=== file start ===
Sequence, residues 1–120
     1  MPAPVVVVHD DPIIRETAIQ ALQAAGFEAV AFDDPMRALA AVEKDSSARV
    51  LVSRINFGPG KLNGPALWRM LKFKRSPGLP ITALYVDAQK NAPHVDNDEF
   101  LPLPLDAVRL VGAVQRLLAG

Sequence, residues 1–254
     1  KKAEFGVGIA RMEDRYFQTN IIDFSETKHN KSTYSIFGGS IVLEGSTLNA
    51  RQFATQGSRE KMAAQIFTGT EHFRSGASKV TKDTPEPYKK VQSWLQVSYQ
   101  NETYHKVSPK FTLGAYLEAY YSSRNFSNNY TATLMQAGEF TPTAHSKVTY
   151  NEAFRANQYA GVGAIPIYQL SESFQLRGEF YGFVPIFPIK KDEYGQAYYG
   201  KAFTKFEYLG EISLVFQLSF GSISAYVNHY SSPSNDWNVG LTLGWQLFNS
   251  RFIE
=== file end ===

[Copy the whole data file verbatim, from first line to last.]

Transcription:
Sequence, residues 1–120
     1  MPAPVVVVHD DPIIRETAIQ ALQAAGFEAV AFDDPMRALA AVEKDSSARV
    51  LVSRINFGPG KLNGPALWRM LKFKRSPGLP ITALYVDAQK NAPHVDNDEF
   101  LPLPLDAVRL VGAVQRLLAG

Sequence, residues 1–254
     1  KKAEFGVGIA RMEDRYFQTN IIDFSETKHN KSTYSIFGGS IVLEGSTLNA
    51  RQFATQGSRE KMAAQIFTGT EHFRSGASKV TKDTPEPYKK VQSWLQVSYQ
   101  NETYHKVSPK FTLGAYLEAY YSSRNFSNNY TATLMQAGEF TPTAHSKVTY
   151  NEAFRANQYA GVGAIPIYQL SESFQLRGEF YGFVPIFPIK KDEYGQAYYG
   201  KAFTKFEYLG EISLVFQLSF GSISAYVNHY SSPSNDWNVG LTLGWQLFNS
   251  RFIE